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Don't Rebuild on China Quake Faults, Experts Warn

Kevin Holden Platt in Beijing
for National Geographic News
June 17, 2008
 
Rebuilding should be banned along the tectonic faults that caused the massive May 12 earthquake, two scientists say.

The researchers had pinpointed China's Sichuan Province as a seismic hazard in a study released in 2007, ten months before the quake hit.

Fissures that cut through the Earth's crust where the Sichuan Basin collides with the eastern edge of the Tibetan Plateau could still give rise to a future seismic shock, according to Mike Ellis of the British Geological Survey.

"These faults remain active," said Ellis, co-author of the 2007 study that appeared in the journal Tectonics.

(Read more about plate tectonics.)

"There should be a no-building zone that envelopes the length of the active faults," Ellis told National Geographic News.

"Schools and hospitals should not be built within a critical distance of the faults, nor should any high-density population building be placed in a landslide hazard zone."

Buffer Zone

Alex Densmore of the Institute of Hazard and Risk Research at Durham University, who also co-authored the 2007 study, agreed that a buffer zone should border these faults, which stretch for about 150 miles (250 kilometers).

"If you put a building across a fault, it is literally going to be split in half," Ellis said.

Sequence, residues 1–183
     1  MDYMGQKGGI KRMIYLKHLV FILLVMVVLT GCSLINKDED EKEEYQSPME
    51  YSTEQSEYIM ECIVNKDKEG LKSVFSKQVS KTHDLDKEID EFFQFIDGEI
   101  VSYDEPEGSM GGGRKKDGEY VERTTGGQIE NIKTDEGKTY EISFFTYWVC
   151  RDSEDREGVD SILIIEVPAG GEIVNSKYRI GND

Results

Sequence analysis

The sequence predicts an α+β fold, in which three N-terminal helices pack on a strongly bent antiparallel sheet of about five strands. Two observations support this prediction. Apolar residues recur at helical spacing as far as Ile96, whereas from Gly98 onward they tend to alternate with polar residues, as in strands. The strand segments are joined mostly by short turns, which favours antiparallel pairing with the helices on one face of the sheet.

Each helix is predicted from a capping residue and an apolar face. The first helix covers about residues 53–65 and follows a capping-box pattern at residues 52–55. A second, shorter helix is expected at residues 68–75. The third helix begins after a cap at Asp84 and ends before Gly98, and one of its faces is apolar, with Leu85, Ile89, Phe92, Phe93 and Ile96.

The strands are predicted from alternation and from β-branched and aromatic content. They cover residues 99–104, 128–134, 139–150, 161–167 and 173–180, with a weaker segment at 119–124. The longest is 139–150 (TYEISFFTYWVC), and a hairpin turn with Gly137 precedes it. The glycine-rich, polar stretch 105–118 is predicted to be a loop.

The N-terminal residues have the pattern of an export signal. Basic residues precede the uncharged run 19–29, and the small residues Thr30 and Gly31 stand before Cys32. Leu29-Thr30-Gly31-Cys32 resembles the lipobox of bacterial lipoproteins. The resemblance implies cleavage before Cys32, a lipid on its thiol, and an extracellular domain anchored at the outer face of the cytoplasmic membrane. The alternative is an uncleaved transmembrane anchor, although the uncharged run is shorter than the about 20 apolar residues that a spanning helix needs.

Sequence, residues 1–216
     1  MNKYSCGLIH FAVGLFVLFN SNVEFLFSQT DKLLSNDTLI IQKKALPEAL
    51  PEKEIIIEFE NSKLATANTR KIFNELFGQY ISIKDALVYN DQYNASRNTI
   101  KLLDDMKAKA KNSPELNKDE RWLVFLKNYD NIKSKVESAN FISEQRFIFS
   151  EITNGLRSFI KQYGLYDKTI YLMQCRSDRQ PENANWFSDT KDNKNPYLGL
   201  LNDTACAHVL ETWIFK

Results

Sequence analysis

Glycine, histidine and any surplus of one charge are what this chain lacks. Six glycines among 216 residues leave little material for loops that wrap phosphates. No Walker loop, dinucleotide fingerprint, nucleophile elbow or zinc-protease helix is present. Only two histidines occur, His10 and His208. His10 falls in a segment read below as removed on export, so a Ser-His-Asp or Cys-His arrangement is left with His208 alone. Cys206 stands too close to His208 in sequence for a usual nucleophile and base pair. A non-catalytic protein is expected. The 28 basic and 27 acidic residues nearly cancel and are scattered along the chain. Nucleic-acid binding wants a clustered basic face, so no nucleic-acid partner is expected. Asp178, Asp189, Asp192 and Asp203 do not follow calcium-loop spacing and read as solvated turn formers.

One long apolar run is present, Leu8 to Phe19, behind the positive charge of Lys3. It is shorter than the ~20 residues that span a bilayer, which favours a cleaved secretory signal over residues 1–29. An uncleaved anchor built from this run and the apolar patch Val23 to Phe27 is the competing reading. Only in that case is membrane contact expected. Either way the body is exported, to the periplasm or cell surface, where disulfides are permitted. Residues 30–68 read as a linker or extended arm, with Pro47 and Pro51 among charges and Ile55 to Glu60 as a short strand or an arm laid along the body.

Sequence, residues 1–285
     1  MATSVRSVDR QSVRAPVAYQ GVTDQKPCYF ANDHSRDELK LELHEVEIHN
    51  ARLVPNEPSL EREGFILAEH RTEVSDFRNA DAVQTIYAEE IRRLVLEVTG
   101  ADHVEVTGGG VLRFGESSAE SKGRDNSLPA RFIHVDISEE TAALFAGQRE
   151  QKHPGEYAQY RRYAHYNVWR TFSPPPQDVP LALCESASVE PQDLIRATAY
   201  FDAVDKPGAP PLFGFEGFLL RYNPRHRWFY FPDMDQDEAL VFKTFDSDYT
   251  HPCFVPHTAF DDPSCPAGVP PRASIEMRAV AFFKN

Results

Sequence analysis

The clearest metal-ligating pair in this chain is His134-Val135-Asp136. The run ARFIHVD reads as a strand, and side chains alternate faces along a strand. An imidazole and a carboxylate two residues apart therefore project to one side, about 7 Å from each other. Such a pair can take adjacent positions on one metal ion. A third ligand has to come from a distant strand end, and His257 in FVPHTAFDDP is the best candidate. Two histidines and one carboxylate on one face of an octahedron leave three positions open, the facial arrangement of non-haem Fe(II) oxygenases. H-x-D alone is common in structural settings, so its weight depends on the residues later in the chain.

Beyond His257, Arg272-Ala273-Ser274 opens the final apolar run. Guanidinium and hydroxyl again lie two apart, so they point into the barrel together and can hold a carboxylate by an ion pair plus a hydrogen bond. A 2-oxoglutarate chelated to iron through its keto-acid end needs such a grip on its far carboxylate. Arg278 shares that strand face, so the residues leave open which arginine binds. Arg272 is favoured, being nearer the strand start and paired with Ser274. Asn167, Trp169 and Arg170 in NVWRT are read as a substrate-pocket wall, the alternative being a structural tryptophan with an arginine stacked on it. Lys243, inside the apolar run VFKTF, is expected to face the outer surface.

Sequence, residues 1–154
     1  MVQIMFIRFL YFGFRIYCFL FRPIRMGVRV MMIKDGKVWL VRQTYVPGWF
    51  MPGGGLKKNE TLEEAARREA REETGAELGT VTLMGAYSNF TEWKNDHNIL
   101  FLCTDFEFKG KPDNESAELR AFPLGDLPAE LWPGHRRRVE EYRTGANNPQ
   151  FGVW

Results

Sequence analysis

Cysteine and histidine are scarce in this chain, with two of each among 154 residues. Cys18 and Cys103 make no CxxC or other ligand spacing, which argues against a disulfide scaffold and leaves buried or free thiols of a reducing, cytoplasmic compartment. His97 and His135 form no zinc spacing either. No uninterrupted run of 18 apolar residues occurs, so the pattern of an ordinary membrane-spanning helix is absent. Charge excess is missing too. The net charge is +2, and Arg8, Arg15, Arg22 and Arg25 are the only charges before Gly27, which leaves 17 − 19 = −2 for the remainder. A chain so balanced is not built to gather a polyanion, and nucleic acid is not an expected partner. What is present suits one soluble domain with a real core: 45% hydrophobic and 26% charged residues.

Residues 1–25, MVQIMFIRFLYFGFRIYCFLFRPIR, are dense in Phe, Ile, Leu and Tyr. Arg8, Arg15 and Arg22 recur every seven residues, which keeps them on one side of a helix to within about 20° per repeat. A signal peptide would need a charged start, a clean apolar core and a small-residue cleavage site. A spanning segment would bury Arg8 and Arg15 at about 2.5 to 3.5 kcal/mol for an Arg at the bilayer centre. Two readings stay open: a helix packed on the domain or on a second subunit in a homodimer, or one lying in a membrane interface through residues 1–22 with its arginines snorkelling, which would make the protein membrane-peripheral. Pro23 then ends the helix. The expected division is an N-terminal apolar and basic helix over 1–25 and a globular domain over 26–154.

The idea is not new: A buffer zone was created after the San Fernando earthquake in California in the 1970s, he said.

In China countless homes and schools constructed of unreinforced brick or concrete crumbled like sand castles during the quake, which killed about 70,000 people.

(Related story: "China Quake Delivered Seismic One-Two Punch" [May 15, 2008].)

Higher building standards and a buffer zone along the faults "could help cut the number of deaths during an earthquake by one or two orders of magnitude," Densmore said. "Instead of tens of thousands of people dying, maybe thousands or hundreds will die."

Recalling travels in Sichuan in recent years, Densmore said, "The rate of building in the area was astonishing.

"Development in the region has progressed farther and farther back into the mountains, toward the epicenter [of the May 12 quake]."

Five million people have become refugees since their homes were leveled, and the Chinese leadership and foreign aid groups are now scrambling to assemble temporary "tent cities" (see photo).

But the real challenge is to construct cottages, schools, hospitals, and communities reinforced to withstand any future temblor, experts say.

"With the exception of [quake-triggered] tsunamis, earthquakes do not kill people. Buildings kill people," said Guido Cervone of the Center for Earth Observing and Space Research at George Mason University in Virginia.

Architecture for Quake-Prone Areas

Scientists and building designers have made steady advances in creating seismically sound architecture, Cervone said.

The new China Central Television (CCTV) complex being built in Beijing by the Dutch architecture firm OMA, for instance, has been designed, reinforced, and tested to survive powerful earthquakes, said OMA architect Ole Scheeren.

The building's frame has already withstood hundreds of "extreme events" in intense experiments conducted by China's leading engineers, he said.

Improving the earthquake resistance of rural Chinese housing doesn't require such advanced technology, though.

Svetlana Brzev co-founded a Web project called the World Housing Encyclopedia (WHE), which shares information on how to create quake-resistant structures.